L[ouise]. G. B[urroughs]. "Notes on the Cover." Metropolitan Museum of Art Bulletin 3 (February 1945), p. 136, ill. on front cover (color), as "The Dispatch of the Messenger".
Josephine L. Allen and Elizabeth E. Gardner. A Concise Catalogue of the European Paintings in The Metropolitan Museum of Art. New York, 1954, p. 11.
Charles Sterling. The Metropolitan Museum of Art: A Catalogue of French Paintings. Vol. 1, XV–XVIII Centuries. Cambridge, Mass., 1955, pp. 138–39, ill., views the Beauvarlet print's dedication to the marquise de Montesquiou as evidence that she may have owned the painting
Jean Seznec and Jean Adhémar, ed. Salons.. By Denis Diderot. Vol. 2, 1765. Oxford, 1960, pp. 19–20, 80–81, fig. 18.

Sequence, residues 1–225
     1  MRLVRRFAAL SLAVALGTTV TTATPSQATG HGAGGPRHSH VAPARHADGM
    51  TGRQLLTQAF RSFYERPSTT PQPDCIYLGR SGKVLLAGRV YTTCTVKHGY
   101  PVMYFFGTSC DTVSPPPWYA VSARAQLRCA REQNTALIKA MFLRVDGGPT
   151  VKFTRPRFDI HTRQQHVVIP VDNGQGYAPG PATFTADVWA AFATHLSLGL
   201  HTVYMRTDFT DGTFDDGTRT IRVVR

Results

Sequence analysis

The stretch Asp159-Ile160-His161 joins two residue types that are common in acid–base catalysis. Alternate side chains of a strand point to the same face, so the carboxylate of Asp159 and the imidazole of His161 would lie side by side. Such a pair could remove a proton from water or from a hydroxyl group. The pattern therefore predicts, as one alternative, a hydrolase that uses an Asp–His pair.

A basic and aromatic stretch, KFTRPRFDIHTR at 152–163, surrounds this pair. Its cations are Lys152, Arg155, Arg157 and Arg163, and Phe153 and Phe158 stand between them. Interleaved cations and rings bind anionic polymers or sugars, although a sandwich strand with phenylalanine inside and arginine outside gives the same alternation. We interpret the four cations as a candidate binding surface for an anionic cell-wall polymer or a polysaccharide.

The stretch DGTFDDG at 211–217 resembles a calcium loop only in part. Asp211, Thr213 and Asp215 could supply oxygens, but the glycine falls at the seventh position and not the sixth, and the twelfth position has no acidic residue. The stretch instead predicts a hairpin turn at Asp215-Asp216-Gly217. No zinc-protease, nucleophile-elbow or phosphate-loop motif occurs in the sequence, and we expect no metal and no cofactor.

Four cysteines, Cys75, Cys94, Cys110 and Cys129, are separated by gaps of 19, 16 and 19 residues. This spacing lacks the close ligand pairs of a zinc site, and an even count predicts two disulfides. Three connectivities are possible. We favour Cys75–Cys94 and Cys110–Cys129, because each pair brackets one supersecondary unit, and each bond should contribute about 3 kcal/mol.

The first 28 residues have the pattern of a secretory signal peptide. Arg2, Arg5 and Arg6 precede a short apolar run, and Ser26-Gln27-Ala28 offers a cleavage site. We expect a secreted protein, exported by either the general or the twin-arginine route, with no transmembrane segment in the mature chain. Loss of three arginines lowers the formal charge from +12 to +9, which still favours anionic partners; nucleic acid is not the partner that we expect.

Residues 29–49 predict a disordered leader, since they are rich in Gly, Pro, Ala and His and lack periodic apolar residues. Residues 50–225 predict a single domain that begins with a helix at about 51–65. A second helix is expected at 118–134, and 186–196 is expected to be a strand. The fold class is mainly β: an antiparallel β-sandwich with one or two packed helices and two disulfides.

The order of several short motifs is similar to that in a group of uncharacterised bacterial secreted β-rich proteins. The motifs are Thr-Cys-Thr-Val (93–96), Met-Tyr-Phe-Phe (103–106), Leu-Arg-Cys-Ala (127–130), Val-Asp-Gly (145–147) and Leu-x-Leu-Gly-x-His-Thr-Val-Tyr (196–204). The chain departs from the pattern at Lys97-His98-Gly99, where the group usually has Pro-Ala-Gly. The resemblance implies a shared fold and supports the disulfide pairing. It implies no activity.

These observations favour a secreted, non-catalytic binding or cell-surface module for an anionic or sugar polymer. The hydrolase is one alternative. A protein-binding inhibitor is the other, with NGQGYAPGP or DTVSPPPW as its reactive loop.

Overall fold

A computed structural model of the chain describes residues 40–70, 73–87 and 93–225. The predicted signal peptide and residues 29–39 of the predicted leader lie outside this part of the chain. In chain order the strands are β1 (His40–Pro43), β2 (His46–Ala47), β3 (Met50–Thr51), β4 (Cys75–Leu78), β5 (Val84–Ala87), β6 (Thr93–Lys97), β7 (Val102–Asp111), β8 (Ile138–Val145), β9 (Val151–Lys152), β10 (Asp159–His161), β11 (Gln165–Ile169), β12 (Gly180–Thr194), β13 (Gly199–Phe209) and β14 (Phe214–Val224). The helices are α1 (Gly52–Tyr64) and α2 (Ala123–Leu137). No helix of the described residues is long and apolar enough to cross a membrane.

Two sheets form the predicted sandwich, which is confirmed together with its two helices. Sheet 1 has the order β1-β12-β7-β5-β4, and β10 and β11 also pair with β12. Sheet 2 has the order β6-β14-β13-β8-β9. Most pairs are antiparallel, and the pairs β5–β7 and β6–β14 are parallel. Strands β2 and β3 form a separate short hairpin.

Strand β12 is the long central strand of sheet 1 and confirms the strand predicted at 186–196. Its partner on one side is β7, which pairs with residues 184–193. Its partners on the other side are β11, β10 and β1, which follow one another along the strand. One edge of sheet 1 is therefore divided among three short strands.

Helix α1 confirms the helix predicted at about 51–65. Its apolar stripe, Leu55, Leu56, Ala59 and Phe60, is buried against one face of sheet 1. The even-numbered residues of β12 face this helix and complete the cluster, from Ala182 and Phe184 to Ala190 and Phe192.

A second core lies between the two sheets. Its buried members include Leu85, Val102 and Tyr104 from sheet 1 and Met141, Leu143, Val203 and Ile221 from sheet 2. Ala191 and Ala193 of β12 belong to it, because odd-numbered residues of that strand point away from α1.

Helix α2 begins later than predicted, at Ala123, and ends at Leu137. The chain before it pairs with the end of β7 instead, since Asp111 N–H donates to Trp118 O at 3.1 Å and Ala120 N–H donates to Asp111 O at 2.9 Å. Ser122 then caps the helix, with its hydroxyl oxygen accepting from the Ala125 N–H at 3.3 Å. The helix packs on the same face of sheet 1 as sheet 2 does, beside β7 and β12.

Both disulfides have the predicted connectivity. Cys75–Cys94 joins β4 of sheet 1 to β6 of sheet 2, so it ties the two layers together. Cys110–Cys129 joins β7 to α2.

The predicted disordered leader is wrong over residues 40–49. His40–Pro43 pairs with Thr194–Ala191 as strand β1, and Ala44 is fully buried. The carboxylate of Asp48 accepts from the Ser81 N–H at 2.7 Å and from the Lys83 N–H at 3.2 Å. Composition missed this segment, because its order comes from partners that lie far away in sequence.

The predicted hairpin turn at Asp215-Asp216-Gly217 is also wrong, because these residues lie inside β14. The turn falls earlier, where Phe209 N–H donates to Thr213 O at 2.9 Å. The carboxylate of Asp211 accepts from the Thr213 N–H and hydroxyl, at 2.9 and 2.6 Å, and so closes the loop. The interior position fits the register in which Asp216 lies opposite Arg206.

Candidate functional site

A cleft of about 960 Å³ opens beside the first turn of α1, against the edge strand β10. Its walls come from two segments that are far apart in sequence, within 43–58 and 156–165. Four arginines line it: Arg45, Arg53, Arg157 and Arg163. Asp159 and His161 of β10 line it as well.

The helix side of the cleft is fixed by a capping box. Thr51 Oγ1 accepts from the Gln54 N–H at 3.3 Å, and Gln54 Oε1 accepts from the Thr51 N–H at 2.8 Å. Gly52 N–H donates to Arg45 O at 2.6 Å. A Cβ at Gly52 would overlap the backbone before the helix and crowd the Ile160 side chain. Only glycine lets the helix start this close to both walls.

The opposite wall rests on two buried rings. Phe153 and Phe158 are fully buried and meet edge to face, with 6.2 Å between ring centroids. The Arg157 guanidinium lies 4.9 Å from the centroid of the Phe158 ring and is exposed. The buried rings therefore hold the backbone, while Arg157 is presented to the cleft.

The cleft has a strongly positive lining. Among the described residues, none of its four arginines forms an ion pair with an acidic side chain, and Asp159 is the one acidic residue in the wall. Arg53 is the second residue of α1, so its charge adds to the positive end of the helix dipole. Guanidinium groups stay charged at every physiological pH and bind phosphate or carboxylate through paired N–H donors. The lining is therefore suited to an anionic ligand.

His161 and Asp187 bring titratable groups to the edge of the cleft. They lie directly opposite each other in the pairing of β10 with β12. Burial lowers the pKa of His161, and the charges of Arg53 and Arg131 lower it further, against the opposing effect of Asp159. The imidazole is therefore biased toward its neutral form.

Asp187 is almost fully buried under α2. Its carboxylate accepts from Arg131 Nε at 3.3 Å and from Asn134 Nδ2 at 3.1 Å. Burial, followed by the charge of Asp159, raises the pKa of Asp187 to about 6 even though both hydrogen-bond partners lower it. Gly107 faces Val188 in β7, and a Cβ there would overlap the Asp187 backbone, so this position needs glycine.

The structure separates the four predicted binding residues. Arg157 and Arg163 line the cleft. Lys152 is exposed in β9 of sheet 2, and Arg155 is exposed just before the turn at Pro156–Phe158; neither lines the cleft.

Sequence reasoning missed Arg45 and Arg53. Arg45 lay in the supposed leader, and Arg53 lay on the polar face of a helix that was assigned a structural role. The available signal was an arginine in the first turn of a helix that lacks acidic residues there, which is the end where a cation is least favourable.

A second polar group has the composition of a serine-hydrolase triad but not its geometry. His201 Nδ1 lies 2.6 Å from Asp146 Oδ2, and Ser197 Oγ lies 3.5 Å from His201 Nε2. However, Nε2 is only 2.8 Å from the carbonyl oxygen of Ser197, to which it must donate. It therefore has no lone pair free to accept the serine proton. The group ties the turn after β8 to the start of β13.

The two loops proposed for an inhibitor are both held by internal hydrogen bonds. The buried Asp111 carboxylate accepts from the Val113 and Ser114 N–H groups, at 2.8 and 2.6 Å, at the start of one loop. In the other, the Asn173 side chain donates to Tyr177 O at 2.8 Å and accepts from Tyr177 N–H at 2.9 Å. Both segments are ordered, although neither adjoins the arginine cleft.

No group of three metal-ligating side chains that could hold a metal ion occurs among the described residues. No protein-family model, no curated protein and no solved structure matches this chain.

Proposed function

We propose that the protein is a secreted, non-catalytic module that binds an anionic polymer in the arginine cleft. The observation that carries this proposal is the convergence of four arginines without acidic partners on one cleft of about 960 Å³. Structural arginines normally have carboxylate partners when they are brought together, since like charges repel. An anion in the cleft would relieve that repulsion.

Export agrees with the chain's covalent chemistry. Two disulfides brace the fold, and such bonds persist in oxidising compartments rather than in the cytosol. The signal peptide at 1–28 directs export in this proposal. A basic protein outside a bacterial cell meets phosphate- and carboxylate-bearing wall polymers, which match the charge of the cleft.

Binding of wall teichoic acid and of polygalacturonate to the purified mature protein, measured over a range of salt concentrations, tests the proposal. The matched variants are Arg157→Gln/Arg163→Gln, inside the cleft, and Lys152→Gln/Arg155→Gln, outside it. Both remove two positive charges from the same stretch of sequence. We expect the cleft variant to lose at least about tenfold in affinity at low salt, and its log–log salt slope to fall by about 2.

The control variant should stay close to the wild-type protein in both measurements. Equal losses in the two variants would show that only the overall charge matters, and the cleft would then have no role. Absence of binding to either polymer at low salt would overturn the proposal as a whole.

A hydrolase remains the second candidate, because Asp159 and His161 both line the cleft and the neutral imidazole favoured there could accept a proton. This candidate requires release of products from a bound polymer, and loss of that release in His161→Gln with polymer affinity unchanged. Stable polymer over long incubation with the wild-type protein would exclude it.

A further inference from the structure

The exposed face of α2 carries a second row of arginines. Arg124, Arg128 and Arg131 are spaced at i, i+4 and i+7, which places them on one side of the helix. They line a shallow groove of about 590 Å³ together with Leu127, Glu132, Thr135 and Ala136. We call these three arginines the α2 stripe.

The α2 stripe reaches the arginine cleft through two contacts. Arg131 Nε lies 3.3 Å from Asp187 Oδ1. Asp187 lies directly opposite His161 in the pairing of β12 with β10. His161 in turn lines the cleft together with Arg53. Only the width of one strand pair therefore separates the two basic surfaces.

Alexandre Ananoff with the collaboration of Daniel Wildenstein. François Boucher. Lausanne, 1976, vol. 2, pp. 242–43, no. 594, fig. 1597.
Alexandre Ananoff with the collaboration of Daniel Wildenstein. L'opera completa di Boucher. Milan, 1980, p. 136, no. 627, ill.
Else Marie Bukdahl. Diderot: Critique d'art. Vol. 1, Théorie et pratique dans les Salons de Diderot. Copenhagen, 1980, pp. 55, 57, 259 n. 16,
Else Marie Bukdahl. Diderot critique d'art. Vol. 2, Diderot, les salonniers et les esthéticiens de son temps. Copenhagen, 1982, pp. 169, 264, 350 n. 428.
Marie-Catherine Sahut inDiderot & l'art de Boucher à David, les Salons: 1759–1781. Exh. cat., Hôtel de la Monnaie. Paris, 1984, pp. 140–43, no. 37, ill.
Georges Brunel inDiderot & l'art de Boucher à David, les Salons: 1759–1781. Exh. cat., Hôtel de la Monnaie. Paris, 1984, p. 103, wonders if Diderot tempered his criticism of these pictures because they belonged to Mme Geoffrin.